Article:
Alternatives to recycling
I'm loaded with cans and bottles for recycling, but I find out the hard way that the Raleigh Hills Fred Meyer has shut down its bottle-and-can return shed.
A Fred Meyer employee directs me to the replacement "BottleDrop" center across from Jesuit High School on Beaverton-Hillsdale Highway.
My first impression of the place is off-putting despite its clean appearance. The parking lot is jammed. The lines inside seemingly go on forever. I estimate at least an hour's wait.
Frustrated and in a hurry, I give my bottle-and-can stash to a teenager waiting in line with can-filled, boulder-sized bags. Later, I learn you can simply drop off a limit of two BottleDrop bags and they will be machine-counted and automatically credited to your BottleDrop account.
For more about BottleDrop, go to: bottledropcenters.com/About.
Out in Beaverton next to Highway 217, I discover, again the hard way, that Far West Recycling has closed its Denney Road recycling center after 37 years. The whole complex has been sold to a developer with different ideas for the site.
Next I learn that the remaining six Far West recycling sites (the nearest are in Hillsboro and Lake Oswego) now only take two kinds of plastics (#2 HDPE and #1 PET). The reason: The Chinese, the biggest recyclers of plastics, no longer want recyclables with garbage mixed into it.
What's going on?
For answers, I turn to Betty Shelley and her husband, Jon. The Shelleys, who live in South Burlingame, are legends in the local waste-reduction world. They famously have reduced their garbage to one 35-gallon can a year.
Yes, you read that right: ONE CAN A YEAR!
And no, they didn't go cold turkey. They reduced their trash over a matter of years, starting with the goal of reducing their use of paper products.
It's a little like losing weight, says Betty. Don't try to do it all at once. And, she adds, "don't beat yourself up" if you backslide. Take one action at a time.
Betty has made a profession out of helping folks cut back on their waste. She does it in the name of saving the environment. The federal Environmental Protection Agency reports that for every garbage can of waste put on the curb, 70 cans of waste were used to make the junk inside.
For 17 years, Betty put her passion to work at Metro's Recycling Information Center, responding to callers who wanted to know where to recycle paint, Styrofoam, motor oil — the list goes on and on.
Example: What do I do with all these plastic bags or any plastic items for that matter? Betty's first response is "Can you think of ways to reuse them?" If you can't, you can still recycle the bags at certain grocery stores such as Safeway or Fred Meyer. Reused plastic bags are used to make planks (trade name: "Trex") used for patio decking.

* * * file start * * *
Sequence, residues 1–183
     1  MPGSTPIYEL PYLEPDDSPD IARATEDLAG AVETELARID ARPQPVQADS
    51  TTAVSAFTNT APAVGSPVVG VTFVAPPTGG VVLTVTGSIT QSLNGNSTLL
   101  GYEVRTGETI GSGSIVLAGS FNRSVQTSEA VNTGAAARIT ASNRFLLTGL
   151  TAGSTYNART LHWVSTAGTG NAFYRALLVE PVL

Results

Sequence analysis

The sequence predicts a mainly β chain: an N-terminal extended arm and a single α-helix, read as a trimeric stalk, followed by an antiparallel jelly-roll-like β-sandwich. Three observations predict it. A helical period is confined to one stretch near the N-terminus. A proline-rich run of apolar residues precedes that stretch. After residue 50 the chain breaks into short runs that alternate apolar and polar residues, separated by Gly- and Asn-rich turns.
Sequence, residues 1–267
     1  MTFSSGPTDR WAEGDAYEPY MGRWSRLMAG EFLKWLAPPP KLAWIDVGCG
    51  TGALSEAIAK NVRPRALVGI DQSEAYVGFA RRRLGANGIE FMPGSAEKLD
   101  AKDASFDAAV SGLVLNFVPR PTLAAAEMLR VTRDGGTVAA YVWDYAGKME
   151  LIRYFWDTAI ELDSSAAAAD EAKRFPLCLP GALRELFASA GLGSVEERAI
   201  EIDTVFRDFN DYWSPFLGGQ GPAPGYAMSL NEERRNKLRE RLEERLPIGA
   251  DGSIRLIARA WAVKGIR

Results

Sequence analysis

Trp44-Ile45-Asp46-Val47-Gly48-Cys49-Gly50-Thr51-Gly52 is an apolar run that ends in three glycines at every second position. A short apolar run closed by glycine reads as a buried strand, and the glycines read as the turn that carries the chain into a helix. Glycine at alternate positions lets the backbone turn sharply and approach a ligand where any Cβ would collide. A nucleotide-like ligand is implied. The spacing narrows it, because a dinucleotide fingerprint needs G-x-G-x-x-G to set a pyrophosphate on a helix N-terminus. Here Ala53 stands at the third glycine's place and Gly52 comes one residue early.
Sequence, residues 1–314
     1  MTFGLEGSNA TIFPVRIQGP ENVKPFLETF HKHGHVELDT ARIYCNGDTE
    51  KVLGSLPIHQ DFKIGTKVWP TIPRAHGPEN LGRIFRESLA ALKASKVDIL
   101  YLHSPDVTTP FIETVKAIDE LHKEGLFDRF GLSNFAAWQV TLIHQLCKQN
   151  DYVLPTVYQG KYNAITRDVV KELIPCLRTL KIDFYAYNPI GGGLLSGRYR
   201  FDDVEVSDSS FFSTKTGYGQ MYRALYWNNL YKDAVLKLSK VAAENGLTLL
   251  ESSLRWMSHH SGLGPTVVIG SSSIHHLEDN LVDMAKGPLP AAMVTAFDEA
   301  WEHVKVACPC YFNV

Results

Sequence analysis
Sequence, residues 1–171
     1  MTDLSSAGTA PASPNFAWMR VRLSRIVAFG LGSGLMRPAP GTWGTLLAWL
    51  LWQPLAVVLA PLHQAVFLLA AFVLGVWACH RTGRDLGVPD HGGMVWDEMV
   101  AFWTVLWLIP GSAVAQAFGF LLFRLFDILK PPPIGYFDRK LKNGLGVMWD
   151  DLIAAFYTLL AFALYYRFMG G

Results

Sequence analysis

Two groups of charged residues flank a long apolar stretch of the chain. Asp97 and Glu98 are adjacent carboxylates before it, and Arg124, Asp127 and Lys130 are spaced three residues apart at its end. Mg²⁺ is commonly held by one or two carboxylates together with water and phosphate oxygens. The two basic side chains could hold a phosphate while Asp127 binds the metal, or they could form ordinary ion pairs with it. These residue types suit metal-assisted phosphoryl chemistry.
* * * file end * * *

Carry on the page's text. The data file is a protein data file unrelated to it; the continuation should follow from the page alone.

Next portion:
But be warned, the market is in flux. Recycled paper may be the next to lose buyers and that would mean no more curbside recycling. Stay tuned.
Reusing and reducing are better than industrial recycling. Betty and Jon readily share the "three Rs" hierarchy of waste reduction: First reduce, then reuse and then finally recycle.
In other words, don't bring trash into your life in the first place.
Betty has a friend who, after paying for her purchases, stopped next to the cashier and meticulously stripped off unwanted, unnecessary wrappings and packaging — leaving them behind for the store to deal with. After all, her friend didn't come to the store to buy needless waste and the trouble of getting rid of it.
Now back to those surprising recycling closures and changes. We can expect more to come. As Jon notes, the recycling industry, like all industries, is market-driven. When your trash becomes unprofitable, it is unwanted and ends up in a landll unless you can figure out a way to reuse or repurpose it.
The good news about vexing recycling vicissitudes is that they make us aware and force us to treat consumption and waste responsibly.
Betty, who recently retired from Metro, is still offering advice and even a course to those who want to reduce waste. Visit her website at reduceyourwasteproject.com.
Finally, with the arrival of the most waste-littered season of the year — the holidays — Betty and Jon have some timely tips:
• Give an experience, like a day at the zoo, or a meal out, or a massage.
• Give a gift that is consumable, like food.
• Donate to a charity in the person's name.
• Strictly budget what you spend on gifts and how many gifts you give.
• Ask family members what they really like about the holidays. Is it really about gifts? You might be surprised by their answers.
They also recommend reading Bill McKibben's book, "Hundred Dollar Holiday" — find it online at billmckibben.com/hundred-dollar-holiday.html.